Thursday , March 20, 2014 - 12:47 PM
HILL AIR FORCE BASE — Sequestration — it’s a phrase that’s been repeated often and seems like it will never go away.
The Air Force announced this week it will resume a program that will reduce its force by thousands of airmen over the next five years in an attempt to meet budget reduction requirements caused by sequestration.
The program calls for voluntary cuts through separation and early retirement plans, but it also calls for involuntary cuts that would be made at the discretion of special Air Force retention boards.
The program was first announced in December, but was halted earlier this year as defense officials took it under review.
On March 15 the Pentagon announced the program is back on.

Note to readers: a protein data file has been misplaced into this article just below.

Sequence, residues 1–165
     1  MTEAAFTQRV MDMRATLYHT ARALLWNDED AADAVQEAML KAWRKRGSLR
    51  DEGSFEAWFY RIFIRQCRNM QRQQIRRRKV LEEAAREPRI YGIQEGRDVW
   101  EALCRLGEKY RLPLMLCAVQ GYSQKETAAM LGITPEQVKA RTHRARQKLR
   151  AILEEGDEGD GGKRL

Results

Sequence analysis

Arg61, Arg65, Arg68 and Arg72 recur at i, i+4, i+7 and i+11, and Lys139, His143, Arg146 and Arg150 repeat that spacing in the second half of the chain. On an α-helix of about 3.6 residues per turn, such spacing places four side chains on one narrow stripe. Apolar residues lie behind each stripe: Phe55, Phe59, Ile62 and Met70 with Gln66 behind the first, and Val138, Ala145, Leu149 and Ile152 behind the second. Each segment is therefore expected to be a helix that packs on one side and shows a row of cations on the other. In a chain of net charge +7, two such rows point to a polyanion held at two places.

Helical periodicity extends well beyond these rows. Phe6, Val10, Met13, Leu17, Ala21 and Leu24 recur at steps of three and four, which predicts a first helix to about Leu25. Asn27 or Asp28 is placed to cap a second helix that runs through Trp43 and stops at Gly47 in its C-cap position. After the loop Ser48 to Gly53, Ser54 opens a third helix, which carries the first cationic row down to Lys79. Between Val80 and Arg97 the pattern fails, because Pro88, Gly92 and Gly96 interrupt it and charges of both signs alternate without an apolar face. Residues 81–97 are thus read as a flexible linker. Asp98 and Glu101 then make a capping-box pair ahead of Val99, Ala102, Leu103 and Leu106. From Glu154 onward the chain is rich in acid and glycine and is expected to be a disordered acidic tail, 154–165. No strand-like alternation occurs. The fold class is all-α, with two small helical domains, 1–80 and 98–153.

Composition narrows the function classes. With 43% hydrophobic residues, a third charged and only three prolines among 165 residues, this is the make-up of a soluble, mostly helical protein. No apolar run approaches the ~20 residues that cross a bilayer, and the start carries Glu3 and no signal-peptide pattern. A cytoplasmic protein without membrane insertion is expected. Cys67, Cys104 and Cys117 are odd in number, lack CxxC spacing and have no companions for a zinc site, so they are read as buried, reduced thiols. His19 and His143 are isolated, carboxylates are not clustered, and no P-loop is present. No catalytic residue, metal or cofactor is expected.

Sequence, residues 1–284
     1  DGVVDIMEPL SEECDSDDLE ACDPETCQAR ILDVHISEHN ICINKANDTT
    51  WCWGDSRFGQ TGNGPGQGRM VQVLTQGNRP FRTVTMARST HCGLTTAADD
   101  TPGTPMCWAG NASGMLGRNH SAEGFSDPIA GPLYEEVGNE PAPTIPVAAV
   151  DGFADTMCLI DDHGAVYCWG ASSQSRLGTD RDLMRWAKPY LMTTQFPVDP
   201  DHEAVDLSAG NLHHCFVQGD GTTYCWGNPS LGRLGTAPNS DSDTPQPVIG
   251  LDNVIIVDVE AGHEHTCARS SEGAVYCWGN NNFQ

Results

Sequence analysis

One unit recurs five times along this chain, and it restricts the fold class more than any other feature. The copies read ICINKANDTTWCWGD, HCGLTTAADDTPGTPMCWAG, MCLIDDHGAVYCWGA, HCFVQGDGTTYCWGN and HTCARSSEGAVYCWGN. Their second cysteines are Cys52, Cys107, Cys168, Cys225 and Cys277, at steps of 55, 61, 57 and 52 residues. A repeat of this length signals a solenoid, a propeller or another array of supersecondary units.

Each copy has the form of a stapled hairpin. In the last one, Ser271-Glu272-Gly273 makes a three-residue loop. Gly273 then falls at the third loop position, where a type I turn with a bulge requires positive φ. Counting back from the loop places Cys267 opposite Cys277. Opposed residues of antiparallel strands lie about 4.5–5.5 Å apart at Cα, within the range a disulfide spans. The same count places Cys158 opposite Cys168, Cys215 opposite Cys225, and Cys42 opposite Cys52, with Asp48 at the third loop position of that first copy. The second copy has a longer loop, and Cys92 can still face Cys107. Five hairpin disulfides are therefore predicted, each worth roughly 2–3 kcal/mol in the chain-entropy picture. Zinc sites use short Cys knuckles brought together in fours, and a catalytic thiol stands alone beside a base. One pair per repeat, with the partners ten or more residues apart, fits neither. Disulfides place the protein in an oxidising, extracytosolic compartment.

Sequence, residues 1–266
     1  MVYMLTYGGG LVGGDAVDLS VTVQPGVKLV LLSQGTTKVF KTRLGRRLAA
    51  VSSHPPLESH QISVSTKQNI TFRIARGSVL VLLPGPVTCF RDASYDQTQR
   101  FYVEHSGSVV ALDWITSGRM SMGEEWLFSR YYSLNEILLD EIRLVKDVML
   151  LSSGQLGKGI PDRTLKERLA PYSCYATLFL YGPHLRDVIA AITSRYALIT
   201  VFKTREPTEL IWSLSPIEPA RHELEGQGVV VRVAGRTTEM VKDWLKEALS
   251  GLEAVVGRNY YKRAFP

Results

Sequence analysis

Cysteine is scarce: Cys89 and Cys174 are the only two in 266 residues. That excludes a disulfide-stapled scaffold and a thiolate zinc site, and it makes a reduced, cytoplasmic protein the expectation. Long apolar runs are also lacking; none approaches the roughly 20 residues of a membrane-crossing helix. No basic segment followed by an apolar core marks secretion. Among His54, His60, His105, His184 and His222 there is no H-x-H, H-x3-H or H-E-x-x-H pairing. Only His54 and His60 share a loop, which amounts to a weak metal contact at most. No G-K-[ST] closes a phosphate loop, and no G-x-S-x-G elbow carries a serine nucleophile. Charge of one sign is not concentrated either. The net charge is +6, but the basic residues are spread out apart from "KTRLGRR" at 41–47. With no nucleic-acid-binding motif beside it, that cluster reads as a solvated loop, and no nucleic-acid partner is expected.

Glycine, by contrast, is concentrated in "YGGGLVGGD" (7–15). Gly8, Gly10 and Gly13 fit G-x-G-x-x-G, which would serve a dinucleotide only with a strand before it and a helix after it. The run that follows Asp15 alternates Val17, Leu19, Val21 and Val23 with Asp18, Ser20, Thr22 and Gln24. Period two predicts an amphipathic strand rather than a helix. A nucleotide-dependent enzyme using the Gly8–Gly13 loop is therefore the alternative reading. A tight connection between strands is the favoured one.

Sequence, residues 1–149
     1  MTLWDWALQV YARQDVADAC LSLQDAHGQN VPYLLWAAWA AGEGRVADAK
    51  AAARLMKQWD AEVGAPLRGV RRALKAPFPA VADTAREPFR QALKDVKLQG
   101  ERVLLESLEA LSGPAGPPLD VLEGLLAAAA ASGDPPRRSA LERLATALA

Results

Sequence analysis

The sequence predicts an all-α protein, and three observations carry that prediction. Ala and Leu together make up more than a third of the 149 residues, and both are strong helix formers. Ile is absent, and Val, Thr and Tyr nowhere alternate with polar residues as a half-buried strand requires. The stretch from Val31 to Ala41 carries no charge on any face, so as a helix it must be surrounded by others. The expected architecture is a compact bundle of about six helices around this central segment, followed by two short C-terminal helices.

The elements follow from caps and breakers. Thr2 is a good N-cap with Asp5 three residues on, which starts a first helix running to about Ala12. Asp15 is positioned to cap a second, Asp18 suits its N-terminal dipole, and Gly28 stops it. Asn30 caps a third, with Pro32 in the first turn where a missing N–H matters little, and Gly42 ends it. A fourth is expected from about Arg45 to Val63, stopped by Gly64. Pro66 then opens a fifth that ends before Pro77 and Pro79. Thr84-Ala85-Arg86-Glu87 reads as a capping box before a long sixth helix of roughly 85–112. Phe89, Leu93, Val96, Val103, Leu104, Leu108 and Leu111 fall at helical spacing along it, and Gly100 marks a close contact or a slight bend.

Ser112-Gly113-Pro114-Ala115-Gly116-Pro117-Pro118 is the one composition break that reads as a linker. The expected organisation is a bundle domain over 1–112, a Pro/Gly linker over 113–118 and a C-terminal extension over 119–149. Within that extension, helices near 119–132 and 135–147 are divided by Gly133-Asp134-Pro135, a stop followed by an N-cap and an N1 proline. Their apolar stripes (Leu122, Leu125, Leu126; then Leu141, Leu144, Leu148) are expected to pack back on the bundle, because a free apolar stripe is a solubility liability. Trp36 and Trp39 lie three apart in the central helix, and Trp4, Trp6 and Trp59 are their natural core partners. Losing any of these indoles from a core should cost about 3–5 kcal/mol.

The Air Force says reducing the force through voluntary means is a priority, but retention boards are not only planned for 2014, but 2015 as well, though airmen who are eligible for the retention boards this year won’t have to go through them again next year.
“Airmen who were eligible for programs during the first round in 2014 will not be eligible for the retention boards in 2015, unless they have specific negative quality force indicators,” said Lt. Gen. Samuel Cox, the Air Force deputy chief of staff for manpower, personnel and services, in a press release.
Cox said ensuring well-performing airmen are not subject to multiple involuntary programs is key.
Details on the nature and timing of the programs will be announced in the coming weeks, according to the Pentagon.
During testimony to the House Armed Services Committee in November, Gen. Mark A. Welsh III, the Air Force chief of staff, said long-term impacts of sequestration could force the service to cut about 25,000 Airmen over the next five years.
Contact reporter Mitch Shaw at 801-625-4233 or email@example.com. Follow him on Twitter at @mitchshaw23.
Sign up for e-mail news updates.